“What time is it?”
“Guess”, the beautiful blonde in my bed replies. The younger blonde stirs, not wanting to get up just yet.
“7:50, it’s late”, she says. The three of us have slept in a bit. My wife, 3 year old daughter and I get up to meet the day.
“Shhhh, listen”, our daughter Cyan says as she wakes, “I hear a toucan.” Living in the jungle has its advantages and waking up to the sounds of croaking toucans, screeching parrots and the bizarre “gobbling” of the cha-cha la-ka’s is a daily treat.
Logan, our 9 year old son, has pitched a tent a short distance away at our backpackers’ campground & hostel, Barton Creek Outpost. We walk down there to find that Logan got scared during the night and chose to sleep on the ground, near some backpackers in hammocks. He’s a tough little jungle boy but he’s still a little boy. Logan is sometimes called Mogley after the kid in “The Jungle Book”. He has lived more than six of his almost 10 years here at the Outpost and is Mogley in many respects. He once offered to take 6 backpackers on a jungle hike and about 45 minutes into it three of them, convinced they were lost, decided to break away to find their way back. Logan returned to the Outpost 20 minutes later without them & told us what happened. I gave the wayward souls another hour or so and went looking for them. I found them a short distance from our place, exhausted and in agreement, “We shouldn’t have left Logan!” He was 8 years old at the time.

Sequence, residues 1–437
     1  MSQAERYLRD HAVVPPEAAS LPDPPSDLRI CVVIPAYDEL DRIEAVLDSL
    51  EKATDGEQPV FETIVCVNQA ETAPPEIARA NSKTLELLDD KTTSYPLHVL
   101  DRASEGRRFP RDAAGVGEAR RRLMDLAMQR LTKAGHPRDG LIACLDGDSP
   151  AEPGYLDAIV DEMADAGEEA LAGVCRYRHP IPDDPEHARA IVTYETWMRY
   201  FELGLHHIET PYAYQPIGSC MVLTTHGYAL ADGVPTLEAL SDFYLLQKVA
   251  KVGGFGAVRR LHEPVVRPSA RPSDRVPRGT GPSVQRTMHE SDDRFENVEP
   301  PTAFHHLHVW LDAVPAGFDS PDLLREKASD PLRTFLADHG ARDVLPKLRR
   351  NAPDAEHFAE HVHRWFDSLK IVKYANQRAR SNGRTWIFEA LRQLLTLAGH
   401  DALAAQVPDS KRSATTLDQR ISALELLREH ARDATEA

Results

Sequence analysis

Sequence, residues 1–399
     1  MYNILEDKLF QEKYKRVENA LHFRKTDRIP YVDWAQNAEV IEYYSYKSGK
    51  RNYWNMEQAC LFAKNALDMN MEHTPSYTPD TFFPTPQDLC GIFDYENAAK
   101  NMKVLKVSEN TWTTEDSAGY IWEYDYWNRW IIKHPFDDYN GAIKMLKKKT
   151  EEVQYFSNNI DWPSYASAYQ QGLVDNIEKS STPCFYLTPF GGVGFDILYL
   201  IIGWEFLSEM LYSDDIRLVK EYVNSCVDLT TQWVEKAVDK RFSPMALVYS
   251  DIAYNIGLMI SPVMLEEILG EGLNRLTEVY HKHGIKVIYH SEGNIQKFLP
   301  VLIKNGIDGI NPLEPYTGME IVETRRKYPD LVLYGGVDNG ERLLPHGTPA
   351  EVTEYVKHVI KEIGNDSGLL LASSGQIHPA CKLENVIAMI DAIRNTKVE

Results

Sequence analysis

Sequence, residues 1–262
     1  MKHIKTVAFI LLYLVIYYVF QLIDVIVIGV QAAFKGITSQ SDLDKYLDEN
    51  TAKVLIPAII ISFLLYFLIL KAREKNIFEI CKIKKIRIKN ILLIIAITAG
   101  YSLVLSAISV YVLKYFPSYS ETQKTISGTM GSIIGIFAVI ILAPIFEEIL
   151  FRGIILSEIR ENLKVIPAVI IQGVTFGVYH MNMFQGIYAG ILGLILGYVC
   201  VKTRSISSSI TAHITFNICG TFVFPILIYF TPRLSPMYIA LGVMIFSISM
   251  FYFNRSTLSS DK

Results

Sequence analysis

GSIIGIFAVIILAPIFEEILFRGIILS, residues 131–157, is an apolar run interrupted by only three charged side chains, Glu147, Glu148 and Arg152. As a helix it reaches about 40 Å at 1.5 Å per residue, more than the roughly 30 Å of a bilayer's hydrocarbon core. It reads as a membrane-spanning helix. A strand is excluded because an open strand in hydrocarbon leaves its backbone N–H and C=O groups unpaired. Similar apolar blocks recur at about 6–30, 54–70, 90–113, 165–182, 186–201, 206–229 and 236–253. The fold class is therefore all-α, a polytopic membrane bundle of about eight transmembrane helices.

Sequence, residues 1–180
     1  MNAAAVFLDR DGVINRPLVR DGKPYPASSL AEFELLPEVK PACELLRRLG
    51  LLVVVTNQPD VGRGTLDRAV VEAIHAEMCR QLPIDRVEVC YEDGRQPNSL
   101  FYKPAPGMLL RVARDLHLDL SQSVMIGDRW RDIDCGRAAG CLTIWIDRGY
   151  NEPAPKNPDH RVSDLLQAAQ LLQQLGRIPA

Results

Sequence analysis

Our soon to be 13 year old daughter Kaitlyn is another child of the rain forest. Three years ago we had the opportunity to get her in a “Bush Medicine Camp” hosted by internationally renowned teacher and author Dr. Rosita Arvigo. After being there a day Kaitlyn told me that the best student in camp would receive the “Director’s Bush Doctor Award” and she wanted to win it. Kaitlyn is bright, funny, artistic and a beautiful person but she had never sat in a formal classroom at that point and I hoped she wasn’t setting herself up for disappointment. At the end of the 2 week camp I sat with tears in my eyes as I watched my daughter receive Dr. Arvigo’s Bush Doctor Award. She was invited back the following year to assist the counselors and has a special relationship with “Ms. Rosita”. Today Kaitlyn regularly shows people around the Outpost property identifying medicinal plants and showing then that termites are edible. She loves to chat with her friends on Facebook, helps take care of her 3 year old sister, minds her parents and has my respect and admiration. Why was I ever worried about having a girl?
My wife and I are about to celebrate 10 years of marital bliss, we’ve been married 16 years…..but seriously folks… Our 16th anniversary is coming up and we are waffling on what to do. We do know it involves leaving the kids with friends for 2 days. It looks as though we’ll hole up in a hotel in nearby San Ignacio with AC, TV, new movies, chocolate and one another. It might not be glamorous but it sounds like an excellent way to spend a couple of days!